Hi everyone,
does anyone knows how to make a S.O.S signal flashlight. I m new to IOS development so if u could help ne out.

Thanks,
Ujwal

by Ujjwal on Aug 29, 2011. Reply #

This is a very clear explanation on how to access the flashlight except for one line.
line 52 [output release]; Xcode gives me a reminder “potential leak of an object allocated on line 24 and stored into ‘session’”

Does any one know?

by Rich12345 on Sep 11, 2011. Reply #

I have this same problem regarding the potential leak. Has anyone found a fix?

Thanks,

by Tom on Nov 16, 2011. Reply #

When the torch is turned off, the AVSession is released. This should free the session object (line 55).

by John Muchow on Nov 16, 2011. Reply #

Actually, no. There is a leak. In the project you posted, in line 24 of TestViewController.m, you create a local variable “session” of type AVCaptureSession, using alloc/init. That returns an object that you own, and must release.

At line 48, you set your (retained) property AVSession to this session object. That causes the property to retain the object again. It’s retain count is now 2.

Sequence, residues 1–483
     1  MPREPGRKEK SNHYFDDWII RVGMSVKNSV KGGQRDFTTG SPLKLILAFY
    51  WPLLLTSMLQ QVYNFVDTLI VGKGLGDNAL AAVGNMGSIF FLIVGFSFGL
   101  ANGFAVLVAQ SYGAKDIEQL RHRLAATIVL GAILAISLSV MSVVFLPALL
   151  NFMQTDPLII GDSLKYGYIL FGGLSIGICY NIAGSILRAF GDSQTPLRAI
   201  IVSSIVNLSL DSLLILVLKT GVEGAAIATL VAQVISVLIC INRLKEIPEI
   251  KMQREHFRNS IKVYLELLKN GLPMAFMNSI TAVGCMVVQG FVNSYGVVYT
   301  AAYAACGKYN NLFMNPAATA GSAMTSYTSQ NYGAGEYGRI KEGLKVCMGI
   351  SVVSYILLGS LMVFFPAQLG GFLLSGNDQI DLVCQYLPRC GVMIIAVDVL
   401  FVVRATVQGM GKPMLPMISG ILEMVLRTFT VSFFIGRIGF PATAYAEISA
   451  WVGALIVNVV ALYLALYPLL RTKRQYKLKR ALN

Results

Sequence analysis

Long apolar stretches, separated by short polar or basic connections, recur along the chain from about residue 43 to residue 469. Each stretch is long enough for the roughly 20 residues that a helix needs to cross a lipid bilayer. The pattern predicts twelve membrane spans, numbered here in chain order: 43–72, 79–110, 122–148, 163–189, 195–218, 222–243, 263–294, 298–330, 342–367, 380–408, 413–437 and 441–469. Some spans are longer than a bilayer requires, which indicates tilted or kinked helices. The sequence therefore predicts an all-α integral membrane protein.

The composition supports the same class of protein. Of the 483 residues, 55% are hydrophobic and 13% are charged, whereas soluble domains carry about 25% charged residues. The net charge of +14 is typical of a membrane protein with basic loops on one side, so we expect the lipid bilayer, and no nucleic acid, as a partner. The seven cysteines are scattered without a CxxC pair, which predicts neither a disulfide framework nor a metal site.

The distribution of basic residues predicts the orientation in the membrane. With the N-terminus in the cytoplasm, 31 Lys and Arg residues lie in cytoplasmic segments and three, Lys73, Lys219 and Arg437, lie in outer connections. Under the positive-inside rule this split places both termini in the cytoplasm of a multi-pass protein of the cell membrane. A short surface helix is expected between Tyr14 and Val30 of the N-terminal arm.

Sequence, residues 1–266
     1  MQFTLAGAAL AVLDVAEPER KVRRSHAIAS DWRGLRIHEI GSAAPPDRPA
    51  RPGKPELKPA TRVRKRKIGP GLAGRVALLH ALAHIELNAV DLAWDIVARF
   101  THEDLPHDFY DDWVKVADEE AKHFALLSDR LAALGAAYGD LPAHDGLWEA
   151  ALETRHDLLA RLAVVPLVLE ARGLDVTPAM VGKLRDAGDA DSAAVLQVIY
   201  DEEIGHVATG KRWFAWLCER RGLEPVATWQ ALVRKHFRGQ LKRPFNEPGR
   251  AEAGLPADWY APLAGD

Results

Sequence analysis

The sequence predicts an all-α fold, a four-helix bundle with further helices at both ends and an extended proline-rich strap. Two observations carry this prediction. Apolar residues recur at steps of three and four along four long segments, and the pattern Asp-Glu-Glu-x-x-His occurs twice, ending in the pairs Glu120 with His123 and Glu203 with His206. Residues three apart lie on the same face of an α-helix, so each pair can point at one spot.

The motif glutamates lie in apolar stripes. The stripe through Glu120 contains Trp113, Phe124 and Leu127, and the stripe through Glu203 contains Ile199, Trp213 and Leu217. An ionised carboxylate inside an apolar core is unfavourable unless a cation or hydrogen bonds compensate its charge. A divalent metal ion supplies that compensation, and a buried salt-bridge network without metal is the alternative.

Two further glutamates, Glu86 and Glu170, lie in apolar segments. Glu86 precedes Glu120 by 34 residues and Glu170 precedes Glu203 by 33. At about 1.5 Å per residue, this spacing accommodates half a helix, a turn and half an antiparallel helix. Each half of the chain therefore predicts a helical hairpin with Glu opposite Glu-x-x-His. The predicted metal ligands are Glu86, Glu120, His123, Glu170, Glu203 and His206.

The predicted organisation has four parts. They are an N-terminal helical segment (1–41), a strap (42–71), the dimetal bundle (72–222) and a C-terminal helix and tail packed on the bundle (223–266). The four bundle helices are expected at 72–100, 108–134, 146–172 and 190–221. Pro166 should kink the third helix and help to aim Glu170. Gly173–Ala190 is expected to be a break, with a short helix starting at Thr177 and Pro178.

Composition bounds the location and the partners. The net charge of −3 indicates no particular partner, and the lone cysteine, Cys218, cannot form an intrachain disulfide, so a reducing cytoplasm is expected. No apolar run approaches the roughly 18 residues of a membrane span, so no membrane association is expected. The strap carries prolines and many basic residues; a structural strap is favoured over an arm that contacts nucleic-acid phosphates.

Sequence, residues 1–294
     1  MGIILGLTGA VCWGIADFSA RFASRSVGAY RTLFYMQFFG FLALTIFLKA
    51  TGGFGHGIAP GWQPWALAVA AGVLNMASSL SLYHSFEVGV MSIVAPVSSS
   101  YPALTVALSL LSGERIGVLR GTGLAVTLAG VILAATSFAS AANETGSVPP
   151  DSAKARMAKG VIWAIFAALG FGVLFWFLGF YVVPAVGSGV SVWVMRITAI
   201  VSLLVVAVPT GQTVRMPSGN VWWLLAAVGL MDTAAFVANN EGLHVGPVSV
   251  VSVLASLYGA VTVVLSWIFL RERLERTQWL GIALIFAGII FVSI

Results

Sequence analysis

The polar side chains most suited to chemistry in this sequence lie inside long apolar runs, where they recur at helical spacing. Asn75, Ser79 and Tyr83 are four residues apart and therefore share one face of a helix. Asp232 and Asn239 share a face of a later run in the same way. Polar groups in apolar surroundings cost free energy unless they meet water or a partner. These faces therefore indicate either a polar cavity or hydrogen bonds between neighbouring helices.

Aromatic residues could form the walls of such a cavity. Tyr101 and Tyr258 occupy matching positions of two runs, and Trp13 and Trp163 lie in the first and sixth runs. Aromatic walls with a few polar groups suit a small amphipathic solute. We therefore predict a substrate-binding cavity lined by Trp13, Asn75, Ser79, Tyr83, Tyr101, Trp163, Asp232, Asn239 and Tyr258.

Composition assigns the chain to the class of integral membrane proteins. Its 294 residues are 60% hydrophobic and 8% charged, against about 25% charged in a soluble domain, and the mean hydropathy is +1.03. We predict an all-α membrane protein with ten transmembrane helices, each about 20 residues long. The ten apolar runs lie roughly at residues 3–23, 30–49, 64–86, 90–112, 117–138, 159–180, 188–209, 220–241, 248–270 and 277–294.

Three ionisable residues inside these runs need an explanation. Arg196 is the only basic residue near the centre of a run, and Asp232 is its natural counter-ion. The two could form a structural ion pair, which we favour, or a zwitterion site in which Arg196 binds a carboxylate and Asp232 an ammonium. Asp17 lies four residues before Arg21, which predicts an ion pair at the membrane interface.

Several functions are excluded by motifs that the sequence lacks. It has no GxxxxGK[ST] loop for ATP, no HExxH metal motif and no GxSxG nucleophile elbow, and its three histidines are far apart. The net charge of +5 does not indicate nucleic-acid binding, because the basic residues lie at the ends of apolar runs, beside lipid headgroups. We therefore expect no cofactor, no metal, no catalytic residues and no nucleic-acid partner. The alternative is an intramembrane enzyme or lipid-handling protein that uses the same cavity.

Later, in the else clause that turns the torch off, you release AVSession. That drops the retain count to 1. You then set AVSession to nil, thus losing track of it and losing any chance to ever release it.

You need to add an extra line right after the line

[self setAVSession:session];

It should read

[session release];

If you do that, the AVSession property will retain the object, and your release in the else clause will deallocate the AVCaptureSession object like it should.

Without that extra line, your code will leak an AVCaptureSession object each time you turn the flashlight on and off. (Actually, it’s possible that the system might treat the rear camera as a singleton and return the same instance each time. I doubt it, since the code uses alloc/init rather than a convenience class method, but it is possible. NSNumber init methods actually return the same object each time if you use the same value, so it MIGHT…)

One other style note: